What is full spectrum lighting?
Research from the 1960s has demonstrated the remarkable effects specific wavelengths of light have on the health and vitality of plant and animal life.
Most interesting was the finding that - even in the absence of natural sunlight - an artificial light source containing a fuller, more complete spectrum of visible light (skewing particularly towards the blue light wavelengths) would have just the same effect on plant growth as natural sunlight.
For this reason, we commonly define full spectrum lighting as a light source with a color temperature between 5000K and 6500K and a CRI above 96.
However, natural sunlight contains more than just a full visible light spectrum. Plants and animals also rely heavily on some other non-visible light spectra, such as ultraviolet and infrared.
As we'll soon see, just like the changing sun, there are different "types" of full spectrum light, and as such, there exists no singular definition of a full spectrum light bulb. Depending on your needs and desired effects from your lighting, some bulbs may work better than others. Read on for a bit of insight!
Full spectrum lighting can mean any bulb that either:
A) contains a full visible light spectrum and the non-visible light spectra of infrared and ultraviolet.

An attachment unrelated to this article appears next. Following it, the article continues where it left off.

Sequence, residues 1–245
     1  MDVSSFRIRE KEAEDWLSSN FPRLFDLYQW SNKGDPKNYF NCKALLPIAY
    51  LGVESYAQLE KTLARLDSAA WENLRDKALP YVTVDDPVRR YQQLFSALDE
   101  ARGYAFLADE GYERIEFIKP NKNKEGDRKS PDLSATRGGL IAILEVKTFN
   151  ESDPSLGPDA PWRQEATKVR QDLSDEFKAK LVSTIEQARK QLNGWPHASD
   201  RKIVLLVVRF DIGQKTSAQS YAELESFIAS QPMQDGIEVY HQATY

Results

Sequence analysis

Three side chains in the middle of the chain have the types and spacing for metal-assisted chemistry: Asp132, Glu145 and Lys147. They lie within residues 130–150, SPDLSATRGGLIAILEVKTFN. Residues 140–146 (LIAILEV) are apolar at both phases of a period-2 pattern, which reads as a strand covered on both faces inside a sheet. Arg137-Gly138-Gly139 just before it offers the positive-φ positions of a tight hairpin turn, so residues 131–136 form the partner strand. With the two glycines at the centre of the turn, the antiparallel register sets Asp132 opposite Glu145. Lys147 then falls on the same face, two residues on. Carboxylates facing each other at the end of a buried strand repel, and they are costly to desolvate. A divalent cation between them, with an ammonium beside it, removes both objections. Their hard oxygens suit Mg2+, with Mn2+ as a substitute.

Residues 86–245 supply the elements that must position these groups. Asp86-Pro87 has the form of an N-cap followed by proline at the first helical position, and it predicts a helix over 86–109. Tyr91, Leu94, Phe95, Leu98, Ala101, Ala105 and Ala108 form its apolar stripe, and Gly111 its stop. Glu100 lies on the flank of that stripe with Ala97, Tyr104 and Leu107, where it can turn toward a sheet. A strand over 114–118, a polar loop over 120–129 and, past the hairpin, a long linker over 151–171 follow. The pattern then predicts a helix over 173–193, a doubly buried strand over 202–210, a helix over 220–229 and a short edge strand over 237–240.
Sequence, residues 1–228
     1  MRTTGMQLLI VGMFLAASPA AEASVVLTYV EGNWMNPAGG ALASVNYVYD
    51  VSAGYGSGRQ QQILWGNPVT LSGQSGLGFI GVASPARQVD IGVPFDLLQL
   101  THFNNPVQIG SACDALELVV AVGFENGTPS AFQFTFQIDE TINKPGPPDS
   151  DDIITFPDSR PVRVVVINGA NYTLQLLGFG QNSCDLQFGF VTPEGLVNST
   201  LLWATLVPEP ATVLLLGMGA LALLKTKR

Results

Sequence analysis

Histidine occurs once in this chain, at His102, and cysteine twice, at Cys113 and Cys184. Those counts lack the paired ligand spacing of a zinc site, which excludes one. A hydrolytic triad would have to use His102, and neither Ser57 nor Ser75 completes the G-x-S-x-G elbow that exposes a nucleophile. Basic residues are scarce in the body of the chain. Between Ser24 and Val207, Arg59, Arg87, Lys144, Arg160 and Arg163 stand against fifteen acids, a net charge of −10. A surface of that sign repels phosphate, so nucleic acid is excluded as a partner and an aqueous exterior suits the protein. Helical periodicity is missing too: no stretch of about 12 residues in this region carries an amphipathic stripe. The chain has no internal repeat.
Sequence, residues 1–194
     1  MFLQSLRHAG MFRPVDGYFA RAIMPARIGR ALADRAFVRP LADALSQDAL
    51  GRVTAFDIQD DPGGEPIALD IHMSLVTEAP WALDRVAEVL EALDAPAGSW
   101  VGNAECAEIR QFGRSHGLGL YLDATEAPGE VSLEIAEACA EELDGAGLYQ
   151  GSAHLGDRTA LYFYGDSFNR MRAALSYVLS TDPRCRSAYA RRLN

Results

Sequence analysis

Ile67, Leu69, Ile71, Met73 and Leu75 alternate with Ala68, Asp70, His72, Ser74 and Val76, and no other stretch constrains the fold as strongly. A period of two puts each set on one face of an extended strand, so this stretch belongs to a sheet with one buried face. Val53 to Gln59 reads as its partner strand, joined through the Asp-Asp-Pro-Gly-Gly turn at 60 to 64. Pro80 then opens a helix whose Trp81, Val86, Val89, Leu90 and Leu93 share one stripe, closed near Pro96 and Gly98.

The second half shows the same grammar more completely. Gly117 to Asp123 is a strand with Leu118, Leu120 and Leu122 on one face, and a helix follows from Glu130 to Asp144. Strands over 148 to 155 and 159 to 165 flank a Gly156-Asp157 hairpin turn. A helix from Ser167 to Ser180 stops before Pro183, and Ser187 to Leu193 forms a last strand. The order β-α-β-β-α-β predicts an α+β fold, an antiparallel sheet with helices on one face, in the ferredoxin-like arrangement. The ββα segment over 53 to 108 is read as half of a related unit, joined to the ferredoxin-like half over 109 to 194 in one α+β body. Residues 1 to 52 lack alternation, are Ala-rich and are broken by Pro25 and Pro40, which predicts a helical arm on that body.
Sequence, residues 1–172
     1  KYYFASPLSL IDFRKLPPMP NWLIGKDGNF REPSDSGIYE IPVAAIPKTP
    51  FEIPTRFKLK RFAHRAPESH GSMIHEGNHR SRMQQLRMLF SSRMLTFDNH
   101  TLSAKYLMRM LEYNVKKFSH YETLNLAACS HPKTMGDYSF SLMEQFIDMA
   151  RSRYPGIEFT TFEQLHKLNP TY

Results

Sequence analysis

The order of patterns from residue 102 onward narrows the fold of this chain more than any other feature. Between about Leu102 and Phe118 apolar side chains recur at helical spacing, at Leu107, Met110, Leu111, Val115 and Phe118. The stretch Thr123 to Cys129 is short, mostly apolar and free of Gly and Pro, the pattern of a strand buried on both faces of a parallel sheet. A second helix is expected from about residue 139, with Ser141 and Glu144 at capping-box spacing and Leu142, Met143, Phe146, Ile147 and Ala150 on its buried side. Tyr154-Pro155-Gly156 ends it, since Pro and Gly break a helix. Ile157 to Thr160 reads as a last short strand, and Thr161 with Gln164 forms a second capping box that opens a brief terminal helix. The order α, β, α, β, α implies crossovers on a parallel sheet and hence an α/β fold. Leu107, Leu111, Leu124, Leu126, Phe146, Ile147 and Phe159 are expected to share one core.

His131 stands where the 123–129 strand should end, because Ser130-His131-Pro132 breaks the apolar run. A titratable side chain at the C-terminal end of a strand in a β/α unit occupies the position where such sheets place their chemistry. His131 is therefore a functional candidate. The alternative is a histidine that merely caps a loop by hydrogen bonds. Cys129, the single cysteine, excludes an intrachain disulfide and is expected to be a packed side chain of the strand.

B) contains a balanced and full visible light spectrum.
Benefits of full spectrum light bulbs
If you're here, you likely understand that there are many benefits to using full spectrum light bulbs. But what are they? Apart from treating your mind and body to what it needs, you're also treating the body to a light source most similar in form to natural sunlight.
The main benefits then, are:
But, as we'll see, it much more nuanced; the benefits you get mainly depend on the type of full spectrum bulb you use.
For example, using a daylight full spectrum bulb will increase alertness during the day, but ruin your sleep at night. You must learn the nuances of light to really understand what's going in your light, and the best ways to use them.
Background on the electromagnetic spectrum
To understand what fullness of spectrum means, it would be helpful to understand the entire lighting spectrum - which includes more than just the whole rainbow of colors that constitute visible white light!
The visible spectrum of light - white light comprised of the rainbow of colors - exists as a narrow band of frequencies, with each color representing a specific frequency range and wavelength.